Schedule C is the part of an individual tax return where self-employed individuals also known as sole proprietorships report income and expenses from self-employment. Most self-employed individuals who report their earnings on Schedule C have a doing business as (DBA) name, but the business usually still just uses their social security number. Basically, the business is an extension of them-self. However, once you have employees and have to pay payroll taxes a federal employer identification number is required. Once small businesses have more than a couple employees they generally should form a separate business entity for increased liability protection (e.g. general partnership, S corporation, or limited liability company). Anyways, back to Schedule C.
Self-employed individuals must report their gross income from self-employment for the applicable year on Schedule C. The question, “do I have to report it if they didn’t send me a 1099-MISC?,” immediately comes to my mind because the question gets asked a shocking number of times, but the answer is yes. A self-employed individual must report all income they receive in relation to their business regardless of whether they were sent a 1099-MISC for it. Another common question asked by self-employed individuals is what can they actually deduct in relation to their business. To answer this question broadly, really almost anything related to the business, but they are of course limitations and precautions to take note of.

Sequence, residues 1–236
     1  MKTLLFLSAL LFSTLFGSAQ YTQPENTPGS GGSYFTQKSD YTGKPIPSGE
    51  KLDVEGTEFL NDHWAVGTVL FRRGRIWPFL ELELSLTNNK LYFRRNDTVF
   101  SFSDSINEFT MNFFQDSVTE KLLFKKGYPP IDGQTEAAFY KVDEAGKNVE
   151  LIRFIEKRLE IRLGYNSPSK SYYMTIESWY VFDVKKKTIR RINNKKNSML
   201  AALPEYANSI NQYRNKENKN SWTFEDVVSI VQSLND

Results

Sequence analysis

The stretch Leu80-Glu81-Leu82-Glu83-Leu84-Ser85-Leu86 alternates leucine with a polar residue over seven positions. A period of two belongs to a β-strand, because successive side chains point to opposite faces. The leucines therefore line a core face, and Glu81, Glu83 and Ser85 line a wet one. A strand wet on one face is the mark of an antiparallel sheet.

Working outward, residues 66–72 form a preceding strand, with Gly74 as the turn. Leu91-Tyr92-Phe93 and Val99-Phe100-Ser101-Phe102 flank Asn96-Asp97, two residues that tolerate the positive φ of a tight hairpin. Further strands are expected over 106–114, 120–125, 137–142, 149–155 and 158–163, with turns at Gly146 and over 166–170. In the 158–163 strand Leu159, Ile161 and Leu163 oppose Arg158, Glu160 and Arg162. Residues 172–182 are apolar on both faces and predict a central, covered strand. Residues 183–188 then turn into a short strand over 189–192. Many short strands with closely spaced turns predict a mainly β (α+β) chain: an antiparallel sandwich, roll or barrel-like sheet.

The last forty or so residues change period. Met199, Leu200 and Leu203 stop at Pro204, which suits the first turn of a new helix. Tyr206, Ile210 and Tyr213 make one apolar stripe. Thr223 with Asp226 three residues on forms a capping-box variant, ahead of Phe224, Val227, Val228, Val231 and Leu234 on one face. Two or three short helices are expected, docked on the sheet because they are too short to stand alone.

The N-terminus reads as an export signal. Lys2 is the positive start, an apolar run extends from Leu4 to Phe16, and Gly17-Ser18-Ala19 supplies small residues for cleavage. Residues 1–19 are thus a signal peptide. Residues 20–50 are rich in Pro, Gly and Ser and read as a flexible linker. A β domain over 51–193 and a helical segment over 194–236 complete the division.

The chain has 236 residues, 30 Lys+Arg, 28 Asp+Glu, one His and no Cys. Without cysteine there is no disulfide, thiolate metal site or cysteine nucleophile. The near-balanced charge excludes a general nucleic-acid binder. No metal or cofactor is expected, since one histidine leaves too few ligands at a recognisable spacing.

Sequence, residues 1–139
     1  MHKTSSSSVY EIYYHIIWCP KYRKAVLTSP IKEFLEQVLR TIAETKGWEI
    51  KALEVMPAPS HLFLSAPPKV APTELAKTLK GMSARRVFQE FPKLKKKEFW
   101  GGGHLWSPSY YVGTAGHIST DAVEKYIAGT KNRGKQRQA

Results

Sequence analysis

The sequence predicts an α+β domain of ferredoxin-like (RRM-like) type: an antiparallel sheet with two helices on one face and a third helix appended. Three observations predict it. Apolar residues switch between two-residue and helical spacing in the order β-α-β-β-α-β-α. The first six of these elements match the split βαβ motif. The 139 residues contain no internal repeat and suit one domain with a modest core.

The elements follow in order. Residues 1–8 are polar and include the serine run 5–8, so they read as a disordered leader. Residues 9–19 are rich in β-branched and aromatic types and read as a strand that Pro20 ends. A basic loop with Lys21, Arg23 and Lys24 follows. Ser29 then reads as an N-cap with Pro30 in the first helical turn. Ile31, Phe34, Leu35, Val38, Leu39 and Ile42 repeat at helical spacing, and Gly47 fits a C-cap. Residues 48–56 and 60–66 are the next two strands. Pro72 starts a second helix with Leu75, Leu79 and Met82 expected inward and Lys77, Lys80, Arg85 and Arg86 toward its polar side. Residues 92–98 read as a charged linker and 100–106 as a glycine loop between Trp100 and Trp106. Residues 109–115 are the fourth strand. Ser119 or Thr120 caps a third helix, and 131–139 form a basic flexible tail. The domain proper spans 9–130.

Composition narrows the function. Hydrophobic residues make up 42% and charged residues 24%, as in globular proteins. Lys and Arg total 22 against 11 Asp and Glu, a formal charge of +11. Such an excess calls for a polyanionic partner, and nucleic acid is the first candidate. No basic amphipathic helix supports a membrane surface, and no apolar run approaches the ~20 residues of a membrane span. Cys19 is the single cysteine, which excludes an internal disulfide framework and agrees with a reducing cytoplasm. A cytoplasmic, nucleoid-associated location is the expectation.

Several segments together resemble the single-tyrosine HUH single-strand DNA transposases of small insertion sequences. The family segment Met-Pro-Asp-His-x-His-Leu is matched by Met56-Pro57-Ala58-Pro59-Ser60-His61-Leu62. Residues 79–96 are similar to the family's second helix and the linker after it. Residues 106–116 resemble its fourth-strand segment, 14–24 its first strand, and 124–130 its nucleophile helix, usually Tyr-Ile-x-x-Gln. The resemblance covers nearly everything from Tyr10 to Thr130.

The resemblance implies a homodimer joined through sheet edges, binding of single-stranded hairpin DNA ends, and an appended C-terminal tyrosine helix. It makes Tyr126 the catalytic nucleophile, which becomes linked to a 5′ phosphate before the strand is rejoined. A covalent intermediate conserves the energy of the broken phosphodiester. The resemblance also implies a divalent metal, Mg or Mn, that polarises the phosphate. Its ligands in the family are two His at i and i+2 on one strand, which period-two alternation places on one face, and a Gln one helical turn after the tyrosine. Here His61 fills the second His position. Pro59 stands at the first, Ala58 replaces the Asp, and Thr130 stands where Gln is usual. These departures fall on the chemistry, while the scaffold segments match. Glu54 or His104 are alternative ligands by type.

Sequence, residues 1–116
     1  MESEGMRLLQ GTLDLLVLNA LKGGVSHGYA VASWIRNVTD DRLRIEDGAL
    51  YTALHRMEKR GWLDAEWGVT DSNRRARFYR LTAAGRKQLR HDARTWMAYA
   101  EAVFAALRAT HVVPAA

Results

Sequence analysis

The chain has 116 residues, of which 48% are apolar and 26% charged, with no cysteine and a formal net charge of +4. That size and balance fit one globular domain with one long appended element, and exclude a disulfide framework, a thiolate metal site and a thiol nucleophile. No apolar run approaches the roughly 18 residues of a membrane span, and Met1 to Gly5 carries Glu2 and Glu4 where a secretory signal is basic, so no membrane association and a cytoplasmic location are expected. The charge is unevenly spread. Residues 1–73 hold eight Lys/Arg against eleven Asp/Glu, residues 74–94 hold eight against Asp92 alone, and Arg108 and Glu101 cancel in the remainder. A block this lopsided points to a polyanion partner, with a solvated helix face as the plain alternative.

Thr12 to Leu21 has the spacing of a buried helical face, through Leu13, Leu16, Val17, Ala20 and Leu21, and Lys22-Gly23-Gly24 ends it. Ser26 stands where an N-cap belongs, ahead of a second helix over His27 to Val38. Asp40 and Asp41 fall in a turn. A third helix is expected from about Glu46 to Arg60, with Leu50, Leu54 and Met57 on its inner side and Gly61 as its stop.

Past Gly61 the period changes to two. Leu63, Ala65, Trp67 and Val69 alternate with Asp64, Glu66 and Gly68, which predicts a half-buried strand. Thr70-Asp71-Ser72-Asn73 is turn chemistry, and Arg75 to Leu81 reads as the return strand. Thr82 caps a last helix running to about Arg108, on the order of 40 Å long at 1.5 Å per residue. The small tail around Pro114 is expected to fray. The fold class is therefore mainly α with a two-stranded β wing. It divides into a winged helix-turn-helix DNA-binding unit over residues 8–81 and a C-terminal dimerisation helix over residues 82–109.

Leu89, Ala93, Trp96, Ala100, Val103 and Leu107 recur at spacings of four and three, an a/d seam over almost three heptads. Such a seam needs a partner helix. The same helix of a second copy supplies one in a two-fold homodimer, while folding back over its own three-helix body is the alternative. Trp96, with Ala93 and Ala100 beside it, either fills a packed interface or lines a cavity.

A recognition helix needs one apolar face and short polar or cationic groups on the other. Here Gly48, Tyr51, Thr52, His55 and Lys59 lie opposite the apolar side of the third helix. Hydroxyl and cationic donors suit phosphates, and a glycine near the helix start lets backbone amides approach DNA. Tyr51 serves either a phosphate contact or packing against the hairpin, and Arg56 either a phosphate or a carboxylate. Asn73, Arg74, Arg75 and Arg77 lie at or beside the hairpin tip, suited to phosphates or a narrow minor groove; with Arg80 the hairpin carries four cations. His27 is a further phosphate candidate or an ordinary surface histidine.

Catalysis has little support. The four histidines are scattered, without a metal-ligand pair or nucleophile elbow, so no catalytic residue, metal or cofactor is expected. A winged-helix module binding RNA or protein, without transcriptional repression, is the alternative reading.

Meals and entertainment can be written off, but they are limited to being 50% deductible or 80% deductible for department of transportation individuals and must be business-related. There is a significant amount of abuse in this area and the IRS knows it so people need to be careful, which meals and entertainment they are writing off. Another major category is auto expenses. An individual can deduct actual auto expenses or take a standard mileage deduction, which was .565 cents per mile in 2013. However, a detailed mileage log should be kept for both, and the business use percentage must be applied if the actual method is taken. Also, once the method is chosen for the first year it must stay the same method in subsequent years. Other deductible expenses include: supplies, business office rent and utilities, advertising, dues and subscriptions, continuing education, and licenses and permits.